5.30pm. It's twilight time at the Coliseum, the changeover period between the matinee and the evening show. Weighed down by a shoulder bag full of pointe shoes, I make my way down the stairs to dressing room one. The corridors backstage are eerily silent for a house which lives and breathes music, but the majority of the dancers, involved in both performances, have escaped for a brief hour of sunshine in the West End.
I switch on the bright, bare bulbs around the silvered mirror and swap my street clothes for a tattered collection of comforting garments; leotard, T shirt and feather filled trousers which transform me into a balletic Michelin man. Six pairs of pointe shoes are laid out on the space next to mine and I spend the next half hour trying to find a left and a right which can be trusted to get me through the dancing which lies ahead. It's all part of the pre-performance ritual, a rosary of common sense and total nonsense which I superstitiously run through in the hours before a show. Shoes finally selected and put to one side, I sit down to make up.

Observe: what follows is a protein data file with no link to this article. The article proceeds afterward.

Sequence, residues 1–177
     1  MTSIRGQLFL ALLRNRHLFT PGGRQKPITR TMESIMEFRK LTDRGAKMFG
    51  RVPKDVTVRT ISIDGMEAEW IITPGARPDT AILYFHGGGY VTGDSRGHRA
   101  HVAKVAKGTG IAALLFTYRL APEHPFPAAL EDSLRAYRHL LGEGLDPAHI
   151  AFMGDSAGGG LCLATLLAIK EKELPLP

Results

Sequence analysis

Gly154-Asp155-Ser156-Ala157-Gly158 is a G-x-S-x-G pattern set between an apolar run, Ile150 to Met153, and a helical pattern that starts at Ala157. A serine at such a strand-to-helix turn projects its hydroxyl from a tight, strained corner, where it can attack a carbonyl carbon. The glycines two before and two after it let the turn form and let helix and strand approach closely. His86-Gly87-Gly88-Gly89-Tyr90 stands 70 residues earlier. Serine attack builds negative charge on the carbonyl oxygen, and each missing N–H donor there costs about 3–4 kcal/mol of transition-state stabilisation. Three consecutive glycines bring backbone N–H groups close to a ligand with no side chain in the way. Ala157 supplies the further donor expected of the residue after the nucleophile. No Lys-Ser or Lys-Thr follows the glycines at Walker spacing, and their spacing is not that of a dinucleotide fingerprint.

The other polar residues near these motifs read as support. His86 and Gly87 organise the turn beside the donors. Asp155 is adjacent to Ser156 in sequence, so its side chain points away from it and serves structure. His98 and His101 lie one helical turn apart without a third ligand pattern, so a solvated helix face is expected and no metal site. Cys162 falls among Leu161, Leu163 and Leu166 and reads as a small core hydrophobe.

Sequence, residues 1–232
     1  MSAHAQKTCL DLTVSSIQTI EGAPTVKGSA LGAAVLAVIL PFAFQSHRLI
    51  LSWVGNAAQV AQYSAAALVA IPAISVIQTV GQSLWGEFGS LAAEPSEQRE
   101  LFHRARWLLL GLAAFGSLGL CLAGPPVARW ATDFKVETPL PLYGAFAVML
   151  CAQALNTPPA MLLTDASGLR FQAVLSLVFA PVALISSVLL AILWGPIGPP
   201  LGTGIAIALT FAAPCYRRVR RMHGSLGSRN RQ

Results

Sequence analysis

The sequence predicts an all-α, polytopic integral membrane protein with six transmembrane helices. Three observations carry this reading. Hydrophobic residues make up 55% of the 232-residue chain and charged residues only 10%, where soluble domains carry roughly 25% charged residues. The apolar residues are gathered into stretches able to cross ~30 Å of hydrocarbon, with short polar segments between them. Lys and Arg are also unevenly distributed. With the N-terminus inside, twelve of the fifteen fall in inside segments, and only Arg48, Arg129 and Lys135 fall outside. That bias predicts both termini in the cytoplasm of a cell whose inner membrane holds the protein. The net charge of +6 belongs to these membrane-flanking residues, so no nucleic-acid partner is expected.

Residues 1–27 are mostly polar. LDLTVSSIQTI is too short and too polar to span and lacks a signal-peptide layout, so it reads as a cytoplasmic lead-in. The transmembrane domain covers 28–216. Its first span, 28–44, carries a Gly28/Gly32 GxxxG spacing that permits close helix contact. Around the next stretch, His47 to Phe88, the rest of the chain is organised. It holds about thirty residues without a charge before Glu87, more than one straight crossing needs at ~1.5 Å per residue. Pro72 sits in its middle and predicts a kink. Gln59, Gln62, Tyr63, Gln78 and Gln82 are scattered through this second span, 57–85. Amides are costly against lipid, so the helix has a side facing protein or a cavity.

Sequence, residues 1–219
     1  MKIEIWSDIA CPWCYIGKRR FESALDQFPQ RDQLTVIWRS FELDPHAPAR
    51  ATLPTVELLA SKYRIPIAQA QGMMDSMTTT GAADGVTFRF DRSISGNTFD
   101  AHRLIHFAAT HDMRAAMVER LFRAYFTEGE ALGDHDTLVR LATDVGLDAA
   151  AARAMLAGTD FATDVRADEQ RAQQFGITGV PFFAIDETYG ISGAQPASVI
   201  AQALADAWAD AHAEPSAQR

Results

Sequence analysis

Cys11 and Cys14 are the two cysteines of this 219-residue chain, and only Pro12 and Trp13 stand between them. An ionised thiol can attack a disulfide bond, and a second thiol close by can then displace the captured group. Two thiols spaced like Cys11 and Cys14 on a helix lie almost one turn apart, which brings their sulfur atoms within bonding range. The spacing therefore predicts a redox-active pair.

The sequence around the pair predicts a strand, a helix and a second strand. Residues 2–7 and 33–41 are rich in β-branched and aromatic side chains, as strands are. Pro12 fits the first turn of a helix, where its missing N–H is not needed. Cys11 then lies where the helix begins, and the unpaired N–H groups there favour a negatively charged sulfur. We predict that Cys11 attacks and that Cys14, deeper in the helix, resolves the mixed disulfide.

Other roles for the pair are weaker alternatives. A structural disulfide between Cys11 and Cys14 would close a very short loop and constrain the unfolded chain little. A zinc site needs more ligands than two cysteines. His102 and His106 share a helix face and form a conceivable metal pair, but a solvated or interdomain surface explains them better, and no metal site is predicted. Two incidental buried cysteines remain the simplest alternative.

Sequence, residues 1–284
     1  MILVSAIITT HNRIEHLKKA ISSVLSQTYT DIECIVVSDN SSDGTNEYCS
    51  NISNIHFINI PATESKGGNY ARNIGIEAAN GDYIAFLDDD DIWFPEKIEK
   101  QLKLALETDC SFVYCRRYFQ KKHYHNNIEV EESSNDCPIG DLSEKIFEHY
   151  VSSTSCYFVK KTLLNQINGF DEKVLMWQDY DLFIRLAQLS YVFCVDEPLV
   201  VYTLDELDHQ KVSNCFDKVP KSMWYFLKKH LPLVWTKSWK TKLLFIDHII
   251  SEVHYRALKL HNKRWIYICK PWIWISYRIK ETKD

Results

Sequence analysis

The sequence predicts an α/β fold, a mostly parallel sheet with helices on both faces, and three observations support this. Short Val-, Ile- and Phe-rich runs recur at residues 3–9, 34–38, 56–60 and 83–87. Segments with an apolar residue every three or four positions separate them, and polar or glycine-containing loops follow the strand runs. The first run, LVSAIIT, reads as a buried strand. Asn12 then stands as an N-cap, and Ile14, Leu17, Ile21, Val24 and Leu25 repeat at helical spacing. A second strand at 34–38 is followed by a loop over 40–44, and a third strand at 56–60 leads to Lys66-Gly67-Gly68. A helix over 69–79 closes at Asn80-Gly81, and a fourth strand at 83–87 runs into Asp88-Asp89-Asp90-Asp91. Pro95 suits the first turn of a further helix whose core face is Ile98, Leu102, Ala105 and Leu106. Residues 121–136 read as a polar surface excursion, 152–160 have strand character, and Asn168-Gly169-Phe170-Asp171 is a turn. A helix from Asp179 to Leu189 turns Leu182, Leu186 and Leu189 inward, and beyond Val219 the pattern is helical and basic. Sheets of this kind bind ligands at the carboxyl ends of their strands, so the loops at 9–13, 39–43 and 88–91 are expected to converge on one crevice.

It's week four of the Royal Ballet's season at the Coliseum, and the corps de ballet is ready for the holiday which dangles like a carrot at the end of Saturday's double show. Most of them are dancing a twelve hour day, every day, with twelve hours overnight to recover, re-fuel, rest, relax and return. It doesn't allow for much in the way of a social life. We principals fare slightly better. I have at least had a day between performances to tease my body back into a recognisably human shape. But although we don't suffer the steam-rollered sensation which comes with performing night after night, a life in the limelight is subject to the very different pressures of carrying the show and withstanding the critical flak which follows.
Backstage at the Coli, it all feels very much like home to a company which has lived in cramped and threadbare conditions for the last fifty years. We settled into these crowded dressing rooms and shared facilities with the uncritical eyes and uncomplaining demeanour of artists used to 'making do'. It is, after all, what we do best. Throughout this summer season, as government commissioned reports and media attention have focussed yet again on some indistinct, amorphous entity described as the 'Opera House', I'm struck once more by the blitz spirit of what I would call the Opera House; the dedicated body of artists who dance, sing and play there. The technicians who design, build and paint there. The wardrobe staff who wash, iron and mend there. Normal people who take the tube to work, raise children, pay mortgages and worry about their job security just like the rest of the population do.